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The Best European Christmas Markets


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We’re here in Beijing, China and the only things going up more rapidly than new buildings are Christmas trees (mostly fake, of course). Last night, we became nostalgic while strolling past another giant shopping center Christmas tree, this one shielded by a roof that houses the world's largest LED video screen (250 meters long by 30 meters wide).

Beijing Christmas Decorations
Getting into the Christmas spirit in Beijing, China.

Though the proliferation of Christmas decorations in Beijing is remarkable, their presence just doesn't capture the holiday spirit like a European Christmas market would. So, we offer a walk down European Christmas Market memory lane and our “Best of” European Christmas Markets list.

If you're impatient, go straight to the bottom of the post for our Christmas Markets slide show.

Best European Christmas Markets Awards

1. Hall, Austria: Best Gluhwein and Roasted Chestnuts

If you are looking for a laid back small town market where the locals pour out onto the town square at the end of the day to warm themselves with gluhwein (mulled, spiced wine), this is the place. Think Charlie Brown enjoying a Tyrolian Christmas in the mountains of Austria.

A young Dan drinks gluhwein at the Christmas Market in Hall, Austria.

2. Salzburg, Austria: Best Kid Musicians

Some of the best young musicians play their hearts out to earn a little money for their Christmas shopping. Time your visit right with a light dusting of snow and the surrounding landscape will convince you that you are living in a fairy tale.

Kid musicians playing Christmas carols at the Salzburg Christmas Market.

3. Munich, Germany: Best Mandeln

The best sugar-coated almonds (mandeln) in all of Central Europe. And if our memory serves, you can find leagues of smoking men from across the professional spectrum, from gardener to banker.

Frauenkirche and Neue Rathaus
Frauenkirche and Neue Rathaus (New Town Hall) – Munich

Munich was our first real European Christmas Market experience (1998), so it holds a special place in our hearts. We thank our friends, Thorsten and Christiane, for introducing us to gluhwein and mandeln.

4. Vienna, Austria: Widest Selection of Christmas Markets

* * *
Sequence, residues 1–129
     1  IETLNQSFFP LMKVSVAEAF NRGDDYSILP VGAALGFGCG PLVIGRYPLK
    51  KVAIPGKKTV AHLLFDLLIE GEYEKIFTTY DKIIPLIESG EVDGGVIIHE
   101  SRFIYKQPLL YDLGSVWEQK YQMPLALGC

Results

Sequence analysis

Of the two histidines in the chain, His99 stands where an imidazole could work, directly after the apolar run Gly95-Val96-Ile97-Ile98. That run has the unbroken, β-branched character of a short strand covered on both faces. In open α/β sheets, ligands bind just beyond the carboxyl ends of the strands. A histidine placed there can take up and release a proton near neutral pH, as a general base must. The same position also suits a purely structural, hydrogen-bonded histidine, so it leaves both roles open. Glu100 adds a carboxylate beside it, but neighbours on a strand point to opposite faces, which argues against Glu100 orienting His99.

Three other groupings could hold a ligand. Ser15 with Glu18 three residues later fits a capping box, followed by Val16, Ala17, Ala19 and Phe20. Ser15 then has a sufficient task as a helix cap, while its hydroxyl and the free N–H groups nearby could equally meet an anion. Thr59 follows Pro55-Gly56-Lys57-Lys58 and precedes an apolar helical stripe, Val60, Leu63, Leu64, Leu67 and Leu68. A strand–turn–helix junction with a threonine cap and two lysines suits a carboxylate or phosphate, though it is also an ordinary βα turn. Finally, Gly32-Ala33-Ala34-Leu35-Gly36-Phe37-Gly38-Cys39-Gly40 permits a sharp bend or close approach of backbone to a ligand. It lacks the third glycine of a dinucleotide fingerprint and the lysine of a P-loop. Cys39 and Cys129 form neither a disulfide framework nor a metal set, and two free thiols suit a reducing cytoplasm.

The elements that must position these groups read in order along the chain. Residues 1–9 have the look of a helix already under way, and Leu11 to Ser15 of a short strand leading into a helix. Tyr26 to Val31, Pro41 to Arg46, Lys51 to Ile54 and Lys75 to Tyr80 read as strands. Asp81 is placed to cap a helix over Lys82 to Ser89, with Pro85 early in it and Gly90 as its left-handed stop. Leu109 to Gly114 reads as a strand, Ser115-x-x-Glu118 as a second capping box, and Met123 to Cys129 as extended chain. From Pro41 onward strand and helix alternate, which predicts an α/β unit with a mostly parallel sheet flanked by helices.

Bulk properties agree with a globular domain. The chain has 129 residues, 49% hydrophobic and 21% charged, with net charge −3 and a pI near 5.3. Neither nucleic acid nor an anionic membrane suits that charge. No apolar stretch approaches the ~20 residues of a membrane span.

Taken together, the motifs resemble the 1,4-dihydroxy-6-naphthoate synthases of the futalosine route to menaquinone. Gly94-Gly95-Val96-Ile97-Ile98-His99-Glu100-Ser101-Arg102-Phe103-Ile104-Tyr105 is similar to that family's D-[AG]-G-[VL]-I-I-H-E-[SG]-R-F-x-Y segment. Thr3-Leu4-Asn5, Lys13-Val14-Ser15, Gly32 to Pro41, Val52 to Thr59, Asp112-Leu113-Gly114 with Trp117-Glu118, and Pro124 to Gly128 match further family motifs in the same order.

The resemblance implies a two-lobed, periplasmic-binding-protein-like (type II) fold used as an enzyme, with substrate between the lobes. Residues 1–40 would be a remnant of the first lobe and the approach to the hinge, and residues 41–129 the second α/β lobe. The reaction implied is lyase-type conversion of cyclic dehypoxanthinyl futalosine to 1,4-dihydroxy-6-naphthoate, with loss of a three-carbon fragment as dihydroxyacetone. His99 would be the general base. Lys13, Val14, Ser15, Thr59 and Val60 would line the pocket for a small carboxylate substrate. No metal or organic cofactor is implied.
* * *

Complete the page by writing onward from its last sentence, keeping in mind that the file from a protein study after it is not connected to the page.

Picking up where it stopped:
Vienna is the city where every neighborhood gets its own Christmas market. There are so many Christmas markets here that you’ll need a map to find them all.

Rathaus Municipal House Christmas Market
Big Christmas Market at Vienna's Rathaus.

5. Nuremberg, Germany: Best Children's Market

OK, Best Sausages, too. Nuremberg is the classic German Christmas Market. When you tire of gluhwein, sausages, and other tourists, escape to the Children's Christmas Market and watch the kids make cookies. Better yet, join them.

Kids Making Christmas Cookies
Christmas cookie factory for kids at the Nuremberg Christmas Market.

6. Barcelona, Spain – Most Curious Nativity Scene Statuettes: El Caganer

Winner, hands down. Er, bottoms up. If you can't make it to Barcelona and feel that your nativity scene can't do without one, buy it here.

El Caganer - Barcelona
Christmas markets in Barcelona, stands filled with El Caganer.

7. Malaga, Spain – Most Unique All Around

Which other Christmas market can boast fresh grilled octopus and a guy who will write your name in Arabic? If that isn't enticing enough, Malaga also sports some the best post-holiday (Three Kings Day) shoe sales.

Dates at Christmas Market - Malaga
Piles of dates at the Malaga Christmas Market – Andalucia, Spain.

8. Dresden, Germany: Most Tasteful Medieval Christmas Market

Better expressed as “best ability to pull off a tasteful medieval Christmas market.” The Advent Spektakel taps a nostalgic chord while the more traditional Streizelmarkt offers the typical German Christmas market fare. Dresden’s biggest plusses: fewer tourists and the Neustadt neighborhood which features its own Christmas market and the Kunsthof Passage (artists’ market).

Smoking Men at Christmas Market
Medieval Christmas Market in Dresden, Germany.